Prescription Drugs Description and Medications Information
HOME / Medications / Antifungal Agents

Antifungal Agents

Fungicide, Antifungals, Antifungal Drugs


About antifungal agents

Antifungal agents are medications used to treat fungal infections, which are among the most common skin disorders. These drugs may be given in topical (applied directly to the affected area) or systemic (spread throughout the entire body) form to treat invasions of fungi (a plant-like organism) into areas of the body, such as the toes, groin, under the breasts, scalp or nails. In some cases, antifungal agents are used to prevent fungal infections in people who are at risk, including AIDS patients, cancer patients and individuals taking immunosuppressants.

In most cases, topical antifungal agents are used to treat minor infections because they can be directly applied to the affected area and tend to have fewer side effects than systemic antifungal agents. Most fungi typically reside in the top, dead layer of skin cells, where they are vulnerable to topical agents. These drugs are available in both over-the-counter and prescription formulations. They are sometimes combined with topical steroids and/or antibacterial agents.

Typically, topical antifungal agents are applied to the infected area once or twice a day. Treatment normally continues for seven to 10 days, though patients should always follow the directions from their physician or the product's manufacturer. In some cases, topical medications may have to be applied over long periods of time before an infection is effectively treated.

Some types of topical medications (e.g., ciclopirox) take the form of a lacquer (polish) that can be painted directly onto the fingernails or toenails. This form of antifungal agent generally must be used for a year or more.

More severe forms of fungal infection – particularly of the scalp and nails – are treated with systemic antifungal agents, which may be used in combination with topical agents for several weeks. Systemic forms of the drug may also be recommended for extensive infections, infections that fail to respond to topical antifungals and infections that affect hair-bearing areas. Taken orally or intravenously, systemic agents are prescription medications that have a higher risk of side effects than topical antifungals. As a result, some physicians require that patients taking systemic antifungal agents be monitored with blood tests to ensure that liver or kidney damage has not occurred.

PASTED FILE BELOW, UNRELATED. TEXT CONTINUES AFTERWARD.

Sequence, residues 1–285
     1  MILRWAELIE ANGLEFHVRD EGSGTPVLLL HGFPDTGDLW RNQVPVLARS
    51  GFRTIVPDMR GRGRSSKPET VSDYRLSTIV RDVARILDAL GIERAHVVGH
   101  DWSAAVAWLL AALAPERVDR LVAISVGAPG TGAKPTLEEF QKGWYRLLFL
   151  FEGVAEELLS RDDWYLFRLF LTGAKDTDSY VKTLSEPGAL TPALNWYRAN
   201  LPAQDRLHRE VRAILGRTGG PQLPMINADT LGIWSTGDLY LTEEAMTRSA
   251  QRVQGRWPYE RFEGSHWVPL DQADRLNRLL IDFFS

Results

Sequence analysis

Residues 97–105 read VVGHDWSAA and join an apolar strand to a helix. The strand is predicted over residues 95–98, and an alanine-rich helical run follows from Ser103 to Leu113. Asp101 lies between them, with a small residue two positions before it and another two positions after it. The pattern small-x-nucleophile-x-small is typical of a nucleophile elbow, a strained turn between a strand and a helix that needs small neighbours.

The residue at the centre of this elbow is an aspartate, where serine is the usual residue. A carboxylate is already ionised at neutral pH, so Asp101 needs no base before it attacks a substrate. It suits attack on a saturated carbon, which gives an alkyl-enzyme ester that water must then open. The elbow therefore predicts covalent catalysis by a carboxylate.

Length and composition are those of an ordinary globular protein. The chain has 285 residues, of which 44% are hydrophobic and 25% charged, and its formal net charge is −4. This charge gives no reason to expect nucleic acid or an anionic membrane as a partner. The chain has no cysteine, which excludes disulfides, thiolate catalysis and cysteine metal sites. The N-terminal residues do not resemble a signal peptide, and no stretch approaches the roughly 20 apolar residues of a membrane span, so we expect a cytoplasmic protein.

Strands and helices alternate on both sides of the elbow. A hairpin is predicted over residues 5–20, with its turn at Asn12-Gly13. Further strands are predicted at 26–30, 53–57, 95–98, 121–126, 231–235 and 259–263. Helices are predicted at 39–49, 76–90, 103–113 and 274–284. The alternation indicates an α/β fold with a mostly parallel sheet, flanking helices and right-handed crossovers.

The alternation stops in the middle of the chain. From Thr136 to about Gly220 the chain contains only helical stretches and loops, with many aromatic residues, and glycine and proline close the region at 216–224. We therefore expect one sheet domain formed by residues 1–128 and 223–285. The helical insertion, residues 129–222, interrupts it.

Patients who use antifungal agents should closely follow their physician’s recommendations about proper use. In some cases, patients stop taking their medication because the skin appears to have cleared. However, the infection may remain active and is more likely to worsen in patients who stop treatments before they are complete.


Types and differences of antifungal agents

There are several different kinds of antifungal drugs that are prescribed to fight fungal skin infections. These medications can be divided into systemic antifungals (which are taken in pill form or intravenously) and topical antifungals (which are applied as creams, lotions, powders, aerosols, gels, lacquers or shampoos).

Systemic antifungals include:

Generic Name Brand Name(s)




Gris-PEG, Fulvicin P/G, Grifulvin V







*The antifungal medication griseofulvin is rarely used today to treat infections because it is less effective and has more side effects than other drugs. However, this medication is frequently used as an alternative if a patient is allergic to another form of antifungal medication or susceptible to its side effects.

Most topical antifungals can be further subdivided into one of three major classes:

  • Polyenes. Developed in the 1950s, polyenes were the first antifungal agents. These drugs work by binding to the membranes of fungal cells and causing them to leak essential cell components through the walls. This causes the fungal cells to die.
    Generic Name Brand Name(s)

    amphotericin B



    Mycostatin, Mytrex, Nystop